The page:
|Isle Of The who? A 10th grade creation ...|
I cooked up a new dungeon, a serious dungeon, a ruined castle with a moat and undercrypts and under-undercrypts. Now I had the Fiend Folio, so the place was swarming with annoying jermlaine, bouncing with gorbels, coffer corpses and death dogs, or was it devil dogs? There was a Christian chapel - just one of many religions in the World of Atalona!
I made a punk-style collage homemade DM screen, cut dungeon tiles from manila folders. We'd never had a tactical display last year, but I had my players buy minis for their characters, and used my own small collection augmented with counters from Squad Leader and Citadel of Blood. Every hit in combat I rolled a quick d6 for hit location, just for flavor mind you (that's one habit that's stood the test of time...). I resolved to heed the sage advice of the Great Gygax and play almost entirely by the book. I think my players even rolled chances to have psionics, to no avail, and weapon vs. AC modifiers were definitely a part of play.
Well, eight months later, my players were in revolt, one going so far as to intone the name of Asmodeus repeatedly to see if I would kill the wretched party by rolling the chance for the Devil Lord to appear "by the book." The whole experience left a sour taste on AD&D that explains my current appreciation of the looser spirit of the Basic game I never played.
Who's to blame? Me ... and him. Please turn to page 86 of the Dungeon Master's Guide. There you will find a rule whereby even the character who has played completely true to class and alignment must fork over 1500 gp in training fees to reach second level. Those who are merely "superior" in their adherence must pay 3000 gp and it gets worse from there.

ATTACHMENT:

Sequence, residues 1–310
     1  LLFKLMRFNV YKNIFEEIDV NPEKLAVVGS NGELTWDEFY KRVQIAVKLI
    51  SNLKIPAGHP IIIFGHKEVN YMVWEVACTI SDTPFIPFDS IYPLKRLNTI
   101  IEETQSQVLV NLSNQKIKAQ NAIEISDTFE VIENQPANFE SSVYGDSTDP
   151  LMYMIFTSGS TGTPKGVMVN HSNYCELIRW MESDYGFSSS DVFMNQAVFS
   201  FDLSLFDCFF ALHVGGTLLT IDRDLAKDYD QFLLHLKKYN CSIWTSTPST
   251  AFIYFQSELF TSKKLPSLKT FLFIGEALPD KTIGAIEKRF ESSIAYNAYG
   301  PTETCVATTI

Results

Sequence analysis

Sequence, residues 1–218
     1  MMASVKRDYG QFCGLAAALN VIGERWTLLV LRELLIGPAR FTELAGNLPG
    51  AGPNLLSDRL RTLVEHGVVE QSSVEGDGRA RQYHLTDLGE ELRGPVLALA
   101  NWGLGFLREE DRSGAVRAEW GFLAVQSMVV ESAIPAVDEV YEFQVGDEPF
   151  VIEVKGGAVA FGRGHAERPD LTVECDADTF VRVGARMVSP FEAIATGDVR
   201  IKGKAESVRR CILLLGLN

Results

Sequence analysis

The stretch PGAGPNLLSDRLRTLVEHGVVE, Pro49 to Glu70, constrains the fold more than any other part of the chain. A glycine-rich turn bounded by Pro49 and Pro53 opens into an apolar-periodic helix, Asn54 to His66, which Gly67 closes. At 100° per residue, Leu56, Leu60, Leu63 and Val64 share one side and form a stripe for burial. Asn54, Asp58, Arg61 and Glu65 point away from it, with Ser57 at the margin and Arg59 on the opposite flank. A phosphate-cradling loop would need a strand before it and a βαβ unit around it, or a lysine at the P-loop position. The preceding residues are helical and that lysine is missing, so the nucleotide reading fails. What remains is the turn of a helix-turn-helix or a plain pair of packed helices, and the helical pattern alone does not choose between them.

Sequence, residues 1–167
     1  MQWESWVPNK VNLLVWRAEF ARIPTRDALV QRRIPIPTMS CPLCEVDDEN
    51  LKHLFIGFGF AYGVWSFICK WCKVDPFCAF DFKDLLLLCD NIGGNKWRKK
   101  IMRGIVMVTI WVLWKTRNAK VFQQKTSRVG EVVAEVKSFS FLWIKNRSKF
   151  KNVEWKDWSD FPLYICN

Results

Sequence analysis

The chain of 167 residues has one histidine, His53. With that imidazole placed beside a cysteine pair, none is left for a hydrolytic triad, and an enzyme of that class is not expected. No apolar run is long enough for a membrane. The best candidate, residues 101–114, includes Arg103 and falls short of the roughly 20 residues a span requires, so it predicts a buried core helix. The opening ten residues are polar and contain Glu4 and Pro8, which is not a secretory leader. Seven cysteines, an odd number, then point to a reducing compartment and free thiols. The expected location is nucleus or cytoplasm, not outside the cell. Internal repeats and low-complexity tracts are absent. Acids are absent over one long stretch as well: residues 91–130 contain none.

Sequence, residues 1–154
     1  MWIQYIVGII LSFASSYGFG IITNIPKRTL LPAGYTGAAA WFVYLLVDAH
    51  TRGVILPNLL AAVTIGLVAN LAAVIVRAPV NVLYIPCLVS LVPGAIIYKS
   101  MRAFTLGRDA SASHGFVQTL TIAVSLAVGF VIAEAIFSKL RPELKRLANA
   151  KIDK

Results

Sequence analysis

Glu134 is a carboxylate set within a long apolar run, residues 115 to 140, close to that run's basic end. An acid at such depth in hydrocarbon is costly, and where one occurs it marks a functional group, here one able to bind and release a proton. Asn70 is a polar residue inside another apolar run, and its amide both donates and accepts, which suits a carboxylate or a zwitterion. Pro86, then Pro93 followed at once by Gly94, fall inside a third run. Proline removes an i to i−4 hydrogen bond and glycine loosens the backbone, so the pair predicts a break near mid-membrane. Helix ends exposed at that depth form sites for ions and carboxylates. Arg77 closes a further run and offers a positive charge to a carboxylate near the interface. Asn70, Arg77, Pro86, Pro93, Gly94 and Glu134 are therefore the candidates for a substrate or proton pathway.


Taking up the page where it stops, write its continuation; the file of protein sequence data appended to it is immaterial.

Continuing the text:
WTF, Gygax? An exemplary thief who has reached 2nd level by earning nothing but treasure has not earned enough treasure to pay the advancement fees. Nor has any merely superior character of whatever class. I think I enforced a flat 1500/level and it still was extremely unpleasant for characters having to take out loans from each other.
It's one thing if you put toxic rules that have clearly not seen playtest, conceived in a fit of hate for "Monty Haul" campaigns, in a book that bills itself as mere guidelines. Another thing entirely if you start and continue the book in the high spirit of ex cathedra pronouncement - this is the One True Ruleset!
Ah, no, I'm not bitter. But I'm also not nostalgic. Good educators eventually come to know that students take everything you say literally and seriously. Yes, the stride made in gaming in the 90's promoted a few cliches that don't necessarily guarantee good fun (see under: heavy-handed board game catch-up mechanisms). But they also brought a huge increase in professionalism to the field, helped along by Magic and its multi-thousand dollar purses resting on arcane interpretations of wording.
|Then again, DMG let me roll up this bitchin' random demon.|
I'm just wondering if any of you gentle readers had similarly lousy experiences with by-the-book AD&D. Was I the only insecure 16-year-old with more book larnin' than horse sense out there? And more generally, what have you learned from failed campaigns?